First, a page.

We have a new strategy to stay up all night

Whether driven by work, studies, or caregiving duties, there are moments in life when we find ourselves compelled to disrupt our sleep patterns and brave the night awake. This isn’t always a walk in the park, and while caffeine might keep us alert, it comes with its own set of drawbacks. Regardless of caffeinated interventions, sleep deprivation takes its toll, impairing concentration and hindering performance. Studies even suggest that extended wakefulness can mimic the cognitive effects of alcohol consumption, underscoring the seriousness of sleep deficits.


Sleep and the Circadian Symphony

Our body’s transition between the “wake mode” and “sleep mode” heavily relies on cues from light and its absence. When we tamper with these patterns, either by staying awake or disrupting our exposure to light, the consequences often manifest as drowsiness, lack of focus, and diminished efficiency. Long-term repercussions may extend beyond immediate cognitive effects, impacting both physical and mental health.


Unveiling the Sleep Code

For those grappling with sleepless nights, the concept of strategic napping emerges as a potential remedy. However, the challenge lies in determining the optimal nap duration. How short is too short? Is one nap sufficient, or is there merit in taking two, or even more?

Sanae Oriyama, a researcher from the University of Hiroshima, delves into this dilemma. Her recommendation, born from an experiment simulating the nursing staff’s night shift in a hospital, proposes the strategic implementation of two naps of unequal duration. The study, conducted between 2012 and 2018, emulated a 17-hour night shift (from 4:00 PM to 9:00 AM), allowing participants a 2-hour break—a standard rest period in Japanese public hospital shifts.


The Experiment

Participants were divided into three groups: one allowed to sleep for the full 120 minutes at once, another taking two naps of 90 and 30 minutes, and a control group that remained awake throughout this fictional night shift. The results, detailed in a Scientific Reports article, indicated that the dual-nap group experienced drowsiness later than their single-nap counterparts. Despite all participants reporting fatigue, those in the dual-nap group experienced lower intensity.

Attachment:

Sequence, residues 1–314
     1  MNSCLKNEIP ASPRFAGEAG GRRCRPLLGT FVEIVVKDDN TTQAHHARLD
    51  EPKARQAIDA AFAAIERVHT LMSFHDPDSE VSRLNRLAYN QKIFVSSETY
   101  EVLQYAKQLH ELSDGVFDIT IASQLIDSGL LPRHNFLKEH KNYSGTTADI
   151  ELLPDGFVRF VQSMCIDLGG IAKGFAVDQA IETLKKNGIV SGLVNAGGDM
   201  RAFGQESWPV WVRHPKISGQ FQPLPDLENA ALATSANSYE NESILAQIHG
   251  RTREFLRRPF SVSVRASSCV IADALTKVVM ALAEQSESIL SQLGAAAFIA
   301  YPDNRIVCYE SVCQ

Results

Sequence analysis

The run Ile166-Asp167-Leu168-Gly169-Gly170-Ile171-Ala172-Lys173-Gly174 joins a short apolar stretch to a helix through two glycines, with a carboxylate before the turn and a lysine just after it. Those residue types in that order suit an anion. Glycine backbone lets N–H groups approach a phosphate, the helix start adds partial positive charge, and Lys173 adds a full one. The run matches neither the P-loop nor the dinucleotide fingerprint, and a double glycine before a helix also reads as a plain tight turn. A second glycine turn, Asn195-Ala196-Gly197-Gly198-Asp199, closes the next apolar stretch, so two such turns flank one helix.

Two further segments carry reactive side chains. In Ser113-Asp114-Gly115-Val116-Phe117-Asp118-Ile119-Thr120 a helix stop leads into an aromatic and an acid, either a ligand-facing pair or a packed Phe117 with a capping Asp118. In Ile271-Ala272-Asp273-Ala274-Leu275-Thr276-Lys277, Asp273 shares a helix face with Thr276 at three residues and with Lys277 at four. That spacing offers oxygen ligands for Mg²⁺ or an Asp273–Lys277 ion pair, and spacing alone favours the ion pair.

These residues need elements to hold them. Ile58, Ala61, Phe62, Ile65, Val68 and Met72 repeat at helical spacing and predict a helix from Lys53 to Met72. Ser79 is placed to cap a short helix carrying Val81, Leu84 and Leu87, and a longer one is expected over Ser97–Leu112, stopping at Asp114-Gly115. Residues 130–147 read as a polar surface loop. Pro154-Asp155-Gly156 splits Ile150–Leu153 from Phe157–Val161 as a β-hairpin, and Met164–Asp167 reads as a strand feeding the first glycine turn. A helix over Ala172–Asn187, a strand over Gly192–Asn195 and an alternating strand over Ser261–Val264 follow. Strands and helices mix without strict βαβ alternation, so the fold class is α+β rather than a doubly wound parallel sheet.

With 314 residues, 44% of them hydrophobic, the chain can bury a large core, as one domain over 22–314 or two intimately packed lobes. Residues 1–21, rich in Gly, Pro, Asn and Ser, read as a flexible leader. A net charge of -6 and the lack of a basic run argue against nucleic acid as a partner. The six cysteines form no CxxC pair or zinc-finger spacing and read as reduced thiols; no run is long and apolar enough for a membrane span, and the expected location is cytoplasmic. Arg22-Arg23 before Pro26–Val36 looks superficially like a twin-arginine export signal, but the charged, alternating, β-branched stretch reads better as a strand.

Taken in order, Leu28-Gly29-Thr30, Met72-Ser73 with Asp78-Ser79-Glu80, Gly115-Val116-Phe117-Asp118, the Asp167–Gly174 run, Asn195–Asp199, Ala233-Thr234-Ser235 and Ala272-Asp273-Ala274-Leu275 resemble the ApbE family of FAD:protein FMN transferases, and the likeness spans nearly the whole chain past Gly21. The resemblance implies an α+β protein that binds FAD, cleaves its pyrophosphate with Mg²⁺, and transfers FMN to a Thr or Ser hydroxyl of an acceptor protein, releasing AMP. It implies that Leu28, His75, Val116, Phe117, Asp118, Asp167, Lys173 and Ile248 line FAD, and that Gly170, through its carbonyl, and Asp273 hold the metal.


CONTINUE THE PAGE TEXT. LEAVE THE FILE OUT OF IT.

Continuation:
The 90-30 Strategy

Oriyama explains that a 90-minute nap maintains performance, while a 30-minute nap sustains lower fatigue levels and faster reactions. This strategic nap combination emerges as a valuable tool to enhance efficiency and safety in future work. The 90-minute duration aligns with the approximate length of a full sleep cycle, ensuring participants reap key sleep benefits without waking up disoriented. Meanwhile, the shorter, 30-minute nap offers a quick boost to alertness and energy levels.


Applicability and Beyond

The 90-30 strategy may not only benefit night shift workers but could also alleviate fatigue caused by sleep deprivation in various contexts, from caregivers attending to their children to professionals grappling with demanding schedules. Oriyama’s findings offer a promising approach to mitigate the challenges of staying vigilant and alert throughout the night.

However, it’s crucial to acknowledge that this strategy might not be a one-size-fits-all solution. Diverse circumstances warrant varied approaches, and further studies are necessary to compare this strategy against alternatives and different scenarios. In the realm of personalized sleep needs, what works best on average might not be optimal for every individual.



As we navigate the complexities of nighttime wakefulness, Oriyama’s research sheds light on a potential solution—strategic napping. The symphony of a 90-30 strategy holds promise in enhancing both efficiency and safety during prolonged periods of wakefulness. While the quest for optimal sleep solutions continues, this strategy stands as a beacon of hope for those grappling with the challenges of the night, offering a tailored approach to reclaim alertness and vitality amidst the darkness.

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